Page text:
GREAT “OOPSES” IN DESIGN SHOJI HISTORY

Ahhh, yes, great moments in our custom shoji business . . .

1) Fabric is that strong? Early in our career we stretched a batik mural Wren made into a softwood shoji frame with minimal grid. It took forever, but when we were finally done it looked great! But the next day, the shoji screen was a funny hourglass shape and that nice taut fabric was quite baggy. Back to the drawing board. . .

2) “You can’t get it into the room?” One of the amazing things about the using exotic hardwoods is we can make tracks in ONE piece up to 20 -25′ long. Unfortunately, we did some for a high-rise in New York City where the tracks would not fit into the elevator. Now, whether it’s an oversized panel (5′ wide or 10′ tall) or a long track (over 8′ long) we always ask about room access before we start designing your shoji panels…

3) Measurements reversed? A customer called us with some measurements for one more shoji door to go with the rest of her project we had measured earlier in the day. When we arrived at the job site weeks later for the shoji installation, we realized the width and height measurements were reversed. Sideways shoji anyone?

4) Which job is that? Although we have yet to send a job to the wrong customer, very often we have projects going for clients with similar names, e.g., two Sue’s, a Susan, and a Suzanne. We have had a few we had to restain or redo grid before it left the shop; seems like no matter what you do, sometimes it just gets too confusing! Another odd coincidence is that many times the panel sizes we are working on for different projects are nearly the same size. That keeps us checking the clipboards often too!

5) Freight “magic:” The 20′ long track we sent you arrived only 5′ long? The crate has forklift holes in it and you can see through the crate? Actually, I must say, the freight companies have been amazing. Very little damage has occurred over the years; I can count our claims on one hand. They are also great at evaluating our custom crating system and offering suggestions to help us keep this track record going.

6) Frame explosion: Always an exciting moment when you take a laminated curve off the form. Sometimes a curve just doesn’t take. . .

7) The paper poke: After a long and difficult installation, we accidentally poked a hole in the shoji rice paper. As the paper was supplied by the owner artist, it was simple to repair, but most embarrassing. It’s easier to puncture than you think!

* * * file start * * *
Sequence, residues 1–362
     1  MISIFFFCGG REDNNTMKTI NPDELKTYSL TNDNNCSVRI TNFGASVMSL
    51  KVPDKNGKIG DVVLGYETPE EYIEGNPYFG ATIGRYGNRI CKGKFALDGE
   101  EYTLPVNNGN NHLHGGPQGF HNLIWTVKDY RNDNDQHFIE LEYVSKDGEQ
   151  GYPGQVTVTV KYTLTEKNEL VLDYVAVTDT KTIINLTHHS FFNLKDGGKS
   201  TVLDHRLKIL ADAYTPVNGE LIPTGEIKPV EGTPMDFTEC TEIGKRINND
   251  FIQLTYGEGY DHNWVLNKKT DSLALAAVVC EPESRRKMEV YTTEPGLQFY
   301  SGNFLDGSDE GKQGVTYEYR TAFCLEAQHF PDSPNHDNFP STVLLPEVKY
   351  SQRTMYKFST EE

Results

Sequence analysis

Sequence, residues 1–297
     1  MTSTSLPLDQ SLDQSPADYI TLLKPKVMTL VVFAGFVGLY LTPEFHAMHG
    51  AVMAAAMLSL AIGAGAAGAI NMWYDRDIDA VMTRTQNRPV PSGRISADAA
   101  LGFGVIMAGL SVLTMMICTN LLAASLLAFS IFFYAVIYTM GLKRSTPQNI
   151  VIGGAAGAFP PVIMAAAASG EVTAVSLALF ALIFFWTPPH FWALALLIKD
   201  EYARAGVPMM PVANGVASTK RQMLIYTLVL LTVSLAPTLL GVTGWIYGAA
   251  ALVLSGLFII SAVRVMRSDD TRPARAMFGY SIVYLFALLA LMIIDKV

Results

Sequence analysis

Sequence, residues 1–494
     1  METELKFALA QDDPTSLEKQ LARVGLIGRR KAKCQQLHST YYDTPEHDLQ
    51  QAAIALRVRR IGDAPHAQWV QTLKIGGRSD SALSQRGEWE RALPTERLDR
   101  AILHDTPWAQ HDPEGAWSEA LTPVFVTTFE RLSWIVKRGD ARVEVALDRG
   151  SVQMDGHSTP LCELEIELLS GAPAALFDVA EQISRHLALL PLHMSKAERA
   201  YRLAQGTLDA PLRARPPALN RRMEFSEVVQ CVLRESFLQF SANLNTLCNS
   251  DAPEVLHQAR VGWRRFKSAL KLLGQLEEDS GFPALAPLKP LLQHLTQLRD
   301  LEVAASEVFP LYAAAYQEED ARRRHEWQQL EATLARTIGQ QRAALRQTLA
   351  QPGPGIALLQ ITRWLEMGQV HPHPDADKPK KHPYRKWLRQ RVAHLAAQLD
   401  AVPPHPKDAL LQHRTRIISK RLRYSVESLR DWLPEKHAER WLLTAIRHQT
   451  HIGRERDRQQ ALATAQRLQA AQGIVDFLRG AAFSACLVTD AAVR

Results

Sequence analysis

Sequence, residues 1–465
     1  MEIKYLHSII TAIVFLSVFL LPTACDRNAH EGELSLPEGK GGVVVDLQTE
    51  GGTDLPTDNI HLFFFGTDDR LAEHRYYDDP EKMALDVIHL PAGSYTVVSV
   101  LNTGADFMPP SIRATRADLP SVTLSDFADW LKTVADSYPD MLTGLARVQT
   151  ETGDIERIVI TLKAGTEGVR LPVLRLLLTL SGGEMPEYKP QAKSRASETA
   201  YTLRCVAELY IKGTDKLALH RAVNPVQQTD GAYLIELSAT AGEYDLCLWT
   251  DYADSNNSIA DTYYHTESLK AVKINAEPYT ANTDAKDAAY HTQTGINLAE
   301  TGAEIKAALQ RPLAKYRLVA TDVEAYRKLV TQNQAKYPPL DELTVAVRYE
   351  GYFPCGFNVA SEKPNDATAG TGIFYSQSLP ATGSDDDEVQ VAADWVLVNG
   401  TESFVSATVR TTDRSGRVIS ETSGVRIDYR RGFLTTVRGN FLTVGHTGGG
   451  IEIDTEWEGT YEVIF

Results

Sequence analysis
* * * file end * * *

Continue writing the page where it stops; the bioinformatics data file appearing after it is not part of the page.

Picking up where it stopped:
8) Wrong insert: We once had a client call saying we had put in the wrong insert. When she sent her labeled insert sample to us, we discovered that her sample had been mislabeled. As our various insert samples are labeled in bulk, one type at a time, this one is still a mystery.

9) Grouted track: We preinstalled some floor track for a motorized shoji installation. After the tile floor was laid, we went back in and installed the shoji screens. But the shoji panels got jammed in the track even though the motors were working fine. Upon closer inspection, we realized the tile people had thoughtfully grouted the thin groove in our floor track. Although our bottom groove is quite small and resembles the gap between tiles, the groove is what our bottom rollers ride in to guide the shoji doors as they are slid. They had done such a neat job, it was a little sad to take it out and replace it with a new bottom track.

10) Backwards hardware: We had some beautiful stainless steel hardware on some deep red Jarrah shoji. The contractor called unhappy with the finish on some hardware trim. In describing the problem, we learned his crew had installed the final piece of trim wrong side up. These were huge, heavy doors and it was a tough installation. So we both were thrilled that this was the only problem encountered. Best of all, it was easily fixed!

I don’t know about you, but somedays, I can’t believe the silly mistakes Wren or I make around here. It’s quite an adventure building custom shoji doors. One thing that constantly amazes us is the patience and support of the people we work with — our showroom reps, architects, interior designers, developers, contractors and homeowners. It usually takes several discussions to end up with the perfect solution for a project.

We know we could not do what we do without all the dedicated people we work with, especially the talented installers who make our shoji doors look good on site.

THANK YOU, THANK YOU, THANK YOU ALL!

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